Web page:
<
>

Northwestern's Davie making an impact

Quentin Davie has drawn the attention of NFL scouts, and one reason is his improved preparation. Brett Davis/US Presswire

EVANSTON, Ill. -- Mary Davie-Younger has witnessed -- as have many watching Northwestern football this season -- her son Quentin Davie come into his own this season.

She sees the senior linebacker running down quarterbacks, running backs and wide receivers all over the field. Her emotions skyrocketed every time he picked off a pass. Both mother and son were about to lose it when he returned his first career interception for a touchdown in last week's win over Rice.

"He was just yelling on the sideline," Northwestern senior Corbin Bryant said. "I've heard him yell, but not that much."

To Davie-Younger, though, it's more than just seeing Davie mature throughout his life -- Davie also got engaged on Mother's Day. She's felt a change in him.

"It's an instinct," she said. "It's a motherly instinct. I feel it in him when I'm around him. He's just determined to seize.

"I just knew it was coming, and I could tell he was committed and wanted it so bad. He's always been that type of kid if he works hard, he makes it happen."

Davie's defensive development isn't a complete surprise. He had always been someone Northwestern coach Pat Fitzgerald had high hopes for, and Davie began moving from potential to production as a junior. He had three sacks and two forced fumbles against Miami of Ohio. He had nine tackles, 1.5 tackles for a loss, one sack, one forced fumble and one pass breakup against Purdue. He had nine more tackles against Minnesota.

Then, there was the Outback Bowl. He had been impressive during spurts of the regular season, but he put it all together against Auburn. He came up with nine tackles, 2.5 tackles for a loss, one sack and one pass breakup. He was acknowledged as an honorable mention selection on ESPN.com's All-Big Ten Bowl Team, and his performance pushed him into first on the team with 90 tackles for the season.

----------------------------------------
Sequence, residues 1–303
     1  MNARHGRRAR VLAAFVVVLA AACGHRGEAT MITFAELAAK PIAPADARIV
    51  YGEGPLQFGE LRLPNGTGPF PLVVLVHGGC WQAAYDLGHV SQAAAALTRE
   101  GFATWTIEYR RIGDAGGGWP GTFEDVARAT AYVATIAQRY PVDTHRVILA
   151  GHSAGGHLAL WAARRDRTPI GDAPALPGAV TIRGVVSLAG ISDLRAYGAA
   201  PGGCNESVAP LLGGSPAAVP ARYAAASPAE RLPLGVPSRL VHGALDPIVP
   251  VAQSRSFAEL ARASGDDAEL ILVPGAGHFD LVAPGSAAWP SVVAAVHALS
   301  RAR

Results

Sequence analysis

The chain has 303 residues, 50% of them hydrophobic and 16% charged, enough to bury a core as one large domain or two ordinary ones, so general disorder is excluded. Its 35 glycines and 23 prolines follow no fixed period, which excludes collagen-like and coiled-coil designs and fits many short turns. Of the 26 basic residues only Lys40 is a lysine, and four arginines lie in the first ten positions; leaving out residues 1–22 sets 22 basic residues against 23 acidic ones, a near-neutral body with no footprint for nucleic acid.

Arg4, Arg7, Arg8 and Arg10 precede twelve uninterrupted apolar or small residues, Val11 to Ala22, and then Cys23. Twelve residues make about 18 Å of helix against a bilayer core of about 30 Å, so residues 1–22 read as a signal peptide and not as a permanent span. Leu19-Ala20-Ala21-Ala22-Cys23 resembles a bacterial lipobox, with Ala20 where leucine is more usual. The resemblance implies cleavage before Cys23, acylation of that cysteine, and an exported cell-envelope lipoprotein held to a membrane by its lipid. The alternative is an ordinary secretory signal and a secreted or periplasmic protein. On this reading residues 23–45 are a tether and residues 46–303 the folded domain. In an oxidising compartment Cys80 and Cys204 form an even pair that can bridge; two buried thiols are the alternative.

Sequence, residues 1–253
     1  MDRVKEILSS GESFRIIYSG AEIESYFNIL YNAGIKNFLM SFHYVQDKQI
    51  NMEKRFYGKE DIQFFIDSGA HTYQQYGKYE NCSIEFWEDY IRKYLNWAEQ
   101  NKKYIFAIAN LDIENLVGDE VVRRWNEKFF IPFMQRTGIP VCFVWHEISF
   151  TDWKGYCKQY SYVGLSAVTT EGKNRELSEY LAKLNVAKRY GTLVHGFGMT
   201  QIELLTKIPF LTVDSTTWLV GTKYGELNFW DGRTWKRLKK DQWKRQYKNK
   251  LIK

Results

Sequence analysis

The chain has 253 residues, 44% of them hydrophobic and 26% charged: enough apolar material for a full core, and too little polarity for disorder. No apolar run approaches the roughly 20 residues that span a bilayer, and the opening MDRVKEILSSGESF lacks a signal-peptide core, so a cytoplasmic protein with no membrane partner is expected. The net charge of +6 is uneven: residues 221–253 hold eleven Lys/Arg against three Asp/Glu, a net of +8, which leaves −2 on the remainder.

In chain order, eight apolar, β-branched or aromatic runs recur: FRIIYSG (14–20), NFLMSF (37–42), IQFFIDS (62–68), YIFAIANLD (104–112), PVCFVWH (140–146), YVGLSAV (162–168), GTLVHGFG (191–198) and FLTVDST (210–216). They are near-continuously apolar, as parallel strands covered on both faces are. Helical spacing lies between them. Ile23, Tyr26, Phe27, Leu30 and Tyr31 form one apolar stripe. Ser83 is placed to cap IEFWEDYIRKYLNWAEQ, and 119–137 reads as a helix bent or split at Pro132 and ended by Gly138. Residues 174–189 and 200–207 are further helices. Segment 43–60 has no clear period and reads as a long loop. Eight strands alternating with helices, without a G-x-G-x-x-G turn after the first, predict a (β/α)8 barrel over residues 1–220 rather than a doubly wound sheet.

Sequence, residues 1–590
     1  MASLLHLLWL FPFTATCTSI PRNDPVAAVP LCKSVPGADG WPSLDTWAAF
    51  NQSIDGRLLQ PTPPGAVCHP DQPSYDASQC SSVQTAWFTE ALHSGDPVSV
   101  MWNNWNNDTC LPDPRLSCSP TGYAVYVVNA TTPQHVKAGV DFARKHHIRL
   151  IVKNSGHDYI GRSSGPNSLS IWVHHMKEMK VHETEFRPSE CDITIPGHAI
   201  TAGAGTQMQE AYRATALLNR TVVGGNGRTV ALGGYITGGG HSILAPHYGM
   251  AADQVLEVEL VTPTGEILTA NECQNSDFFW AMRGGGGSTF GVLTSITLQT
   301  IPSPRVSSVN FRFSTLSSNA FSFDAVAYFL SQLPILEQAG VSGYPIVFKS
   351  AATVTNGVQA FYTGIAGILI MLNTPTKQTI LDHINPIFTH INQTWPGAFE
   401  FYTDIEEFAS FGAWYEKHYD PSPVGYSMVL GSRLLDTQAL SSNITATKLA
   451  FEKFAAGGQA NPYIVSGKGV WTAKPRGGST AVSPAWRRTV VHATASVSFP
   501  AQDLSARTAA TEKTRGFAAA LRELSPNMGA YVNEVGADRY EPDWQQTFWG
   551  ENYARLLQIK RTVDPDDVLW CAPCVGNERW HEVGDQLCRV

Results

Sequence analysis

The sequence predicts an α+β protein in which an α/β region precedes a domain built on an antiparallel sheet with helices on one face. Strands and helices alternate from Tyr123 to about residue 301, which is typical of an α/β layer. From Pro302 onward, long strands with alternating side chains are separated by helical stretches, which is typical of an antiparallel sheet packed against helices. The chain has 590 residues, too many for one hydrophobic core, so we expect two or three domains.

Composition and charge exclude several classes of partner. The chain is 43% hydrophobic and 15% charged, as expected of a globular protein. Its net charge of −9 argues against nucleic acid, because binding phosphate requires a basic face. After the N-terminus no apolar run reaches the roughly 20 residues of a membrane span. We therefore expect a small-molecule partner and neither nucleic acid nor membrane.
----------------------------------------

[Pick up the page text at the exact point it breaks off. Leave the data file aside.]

The difference for Davie in the Outback Bowl compared to his other games was he didn't have to think. He was just playing.

"I talked to the football gods before that game," Davie said. "It was like, ‘Just fly around.' I just ran around. It was fun. I did my job and good things happened."

Davie credited his preparation for that. He used to study film and Northwestern's opponents only as much as it was mandatory, but he never took it completely serious. It didn't add up until last season that understanding his past mistakes, his past successes and his opponents' tendencies would benefit him come Saturday.

As his numbers reflected last season, he began to realize as the season progressed that the more time he spent in the film room, the more productive he would be that week.

"When I prepared and watched a team nonstop, it translated to the game," Davie said. "I was able to go out there and perform and not think at all. It was just second nature out there, just running around the field. Earlier in the season, I would say I was getting bugs out. I was not studying the film as much as I should have."

Heading into his final season, consistency was the key word for Davie. His motivation was to show he could be that dominant linebacker game after game.

So far, he's achieved that. He's had a team-best 20 tackles, 1.5 for a loss, three interceptions and five pass deflections.

NFL scouts have taken notice, too. ESPN's Mel Kiper Jr. called Davie Northwestern's best NFL prospect. Fitzgerald has also been hearing from NFL teams.

"He's one heck of an athlete," Fitzgerald said. "He's a long-range guy. I know as the NFL scouts come by the 3-4 defenses are just drooling over him. That's the length they're looking for."

Davie has heard the hype, and he likes it, but he also not trying to get too far ahead of himself.

"It's an exciting time in my life," Davie said. "Every time I hear NFL prospect or something like that, it kind of lights me up and kind of burns a fire in me. I don't let it take over my life. It's one of those things that you have to do a job before you can obtain it."

Davie-Younger always envisioned Davie succeeding in whatever he chose to do. If it's playing in the NFL, she'll be a proud mother.

"Oh, gosh," she said. "I couldn't even describe my emotions that I would have. It's just something that a parent dreams of even in Little League. ‘My son is going to be in the NFL. My son is going to be in the NBA.' His dream is becoming a reality. I'm happy and count my blessings."